Released: Feb , Independant
Reviewer: Metal-Rules.com UK Team
Hailing from Quebec, where most of the population apparently speak French, and describing themselves as Ethnic Symphonic Metal, and also Epic Death Metal, we have Aeternum bringing us this, their third release, Ruins of Empires. It would be easy to be confused by the two musical descriptions, but rest assured when this album is over you will grasp both concepts, and either think this is pure creative genius, or a load of waffle. I will give you my opinion and leave the rest up to you to find out!
Opening track Damascus Gate opens the gates of antiquity for us, sounding for all the world like someone decided to add a bit of Metal to the Gladiator soundtrack - not a bad thing at all before ripping in with some solid guitar and drum work. maybe a little on the Amon Amarth side of things but kept original with the liberal use of melody, and that's one thing this band is very big on - melody, glorious melody in all its forms. Actually having said that a lot of the melody is of the ethnic variety so you will very soon pick up on one of the self descriptions the band have put out there. A catchy chantey chorus rounds this one out well, a very solid piece to introduce themselves with.
Following on are Paropamisadae, a meaty little number with a fantastic mid section riff fest, and Sun Shield, slowing things down a little and bringing back the Gladiator feels with a mix of frantic drumming over some lovely acoustic guitar before letting loose the hounds as it where, becoming very much like a song from a distant age as it progresses, managing to stay both heavy and somehow ancient at the same time. Vocally the mix between gruff growling and angelic harmonies really mix this one up - although that can be said about a lot of songs on this album as it continues.
The Keeper of Shangri-La brings with it the sounds of ancient Tibet, beautiful instruments all playing in perfect peaceful harmony, followed by clean vocals invoking images of epic tales filled with love, loss, happiness and sorrow. This is about as folky as it gets people. A reminder of just how talented these musicians truly are. Fallen is the Simulacrum of Bel brings back the heavy, and from here on this is pretty much how the album continues, mixing heavy with ancient melody as it progresses.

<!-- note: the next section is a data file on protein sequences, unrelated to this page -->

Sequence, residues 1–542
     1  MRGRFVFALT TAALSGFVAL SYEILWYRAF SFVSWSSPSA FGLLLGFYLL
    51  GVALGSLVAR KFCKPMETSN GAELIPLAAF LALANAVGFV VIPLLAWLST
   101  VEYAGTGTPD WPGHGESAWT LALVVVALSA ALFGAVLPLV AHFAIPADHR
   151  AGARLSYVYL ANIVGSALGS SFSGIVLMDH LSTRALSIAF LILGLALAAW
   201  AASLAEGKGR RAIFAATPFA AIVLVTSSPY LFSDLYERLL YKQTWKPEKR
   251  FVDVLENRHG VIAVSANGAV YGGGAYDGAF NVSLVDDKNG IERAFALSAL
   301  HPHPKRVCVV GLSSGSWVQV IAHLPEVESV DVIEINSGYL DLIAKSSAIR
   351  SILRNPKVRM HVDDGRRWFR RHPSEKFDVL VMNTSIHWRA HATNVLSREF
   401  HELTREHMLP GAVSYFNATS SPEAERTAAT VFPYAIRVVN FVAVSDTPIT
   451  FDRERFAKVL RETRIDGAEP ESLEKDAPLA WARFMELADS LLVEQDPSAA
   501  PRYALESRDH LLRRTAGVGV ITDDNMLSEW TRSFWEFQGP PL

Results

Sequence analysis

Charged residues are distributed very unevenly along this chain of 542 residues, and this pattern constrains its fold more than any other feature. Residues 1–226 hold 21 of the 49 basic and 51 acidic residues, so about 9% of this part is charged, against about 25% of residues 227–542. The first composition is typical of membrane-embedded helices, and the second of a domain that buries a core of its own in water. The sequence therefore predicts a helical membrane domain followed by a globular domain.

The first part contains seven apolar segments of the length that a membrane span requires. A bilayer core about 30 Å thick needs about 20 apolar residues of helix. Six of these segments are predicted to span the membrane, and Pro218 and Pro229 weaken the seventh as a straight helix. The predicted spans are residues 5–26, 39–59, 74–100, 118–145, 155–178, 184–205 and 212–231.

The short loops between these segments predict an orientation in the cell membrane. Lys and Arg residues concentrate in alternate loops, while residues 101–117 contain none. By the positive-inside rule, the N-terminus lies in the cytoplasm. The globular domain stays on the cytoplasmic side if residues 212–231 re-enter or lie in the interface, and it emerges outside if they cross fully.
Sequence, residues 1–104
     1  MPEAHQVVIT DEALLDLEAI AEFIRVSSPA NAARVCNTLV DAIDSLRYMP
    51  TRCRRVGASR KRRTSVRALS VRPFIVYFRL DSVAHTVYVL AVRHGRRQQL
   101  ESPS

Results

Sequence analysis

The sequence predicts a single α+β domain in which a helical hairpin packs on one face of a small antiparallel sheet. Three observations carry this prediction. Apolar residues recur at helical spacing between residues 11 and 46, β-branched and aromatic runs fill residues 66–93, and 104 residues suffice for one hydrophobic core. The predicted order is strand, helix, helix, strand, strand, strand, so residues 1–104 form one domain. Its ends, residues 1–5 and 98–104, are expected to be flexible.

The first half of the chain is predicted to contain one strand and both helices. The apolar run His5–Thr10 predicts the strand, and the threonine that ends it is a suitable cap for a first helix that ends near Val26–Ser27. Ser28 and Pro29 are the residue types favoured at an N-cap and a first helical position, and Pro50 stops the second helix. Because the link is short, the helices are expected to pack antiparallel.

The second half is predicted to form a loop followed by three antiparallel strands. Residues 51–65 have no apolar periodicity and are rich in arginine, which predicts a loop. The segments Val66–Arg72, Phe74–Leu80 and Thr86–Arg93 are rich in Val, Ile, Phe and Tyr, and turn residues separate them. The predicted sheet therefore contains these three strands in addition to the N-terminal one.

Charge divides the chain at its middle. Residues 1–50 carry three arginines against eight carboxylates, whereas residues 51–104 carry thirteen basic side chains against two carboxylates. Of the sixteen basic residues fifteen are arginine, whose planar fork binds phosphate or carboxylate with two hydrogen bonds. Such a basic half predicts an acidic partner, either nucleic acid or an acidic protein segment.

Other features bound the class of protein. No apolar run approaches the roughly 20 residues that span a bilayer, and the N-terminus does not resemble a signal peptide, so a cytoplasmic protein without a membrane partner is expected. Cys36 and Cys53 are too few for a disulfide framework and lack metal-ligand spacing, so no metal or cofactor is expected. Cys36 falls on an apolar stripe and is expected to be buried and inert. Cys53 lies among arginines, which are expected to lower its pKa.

Colossus hits the mid pace with more glorious harmonies both vocally and instrumentally, before Nightfall on Numidia once again reminds me of a certain film, and boy what a beautiful song this one is. If Hans Zimmer even wanted to broaden his horizons and branch out into the metal world these guys would have to be a shoe in for a collaboration. Bring it on I say.
Praetor Of Mercury would have to be the heaviest piece on this album, thumping along at a cracking pace, probably the closest thing to straight out Death Metal you will get on this album, but still rightly containing the whole feel of the album through the occasional harmony - Epic Death Metal seems to fit nicely. Last but certainly not least Zadyin Arga returns us to the Symphonic, A fitting end to the album, containing pretty much every element of the all that makes this album a special one.
Overall a great album, and do not let the references to a certain film dissuade you from having a listen, as that is my opinion only (although I happen to also love that movie ha-ha), and I'm sure that by the end of it you will embrace whatever description the band would like to call themselves, anyone this creative can all themselves whatever they bloody well like as far as I am concerned, after all labels are only there for a guide!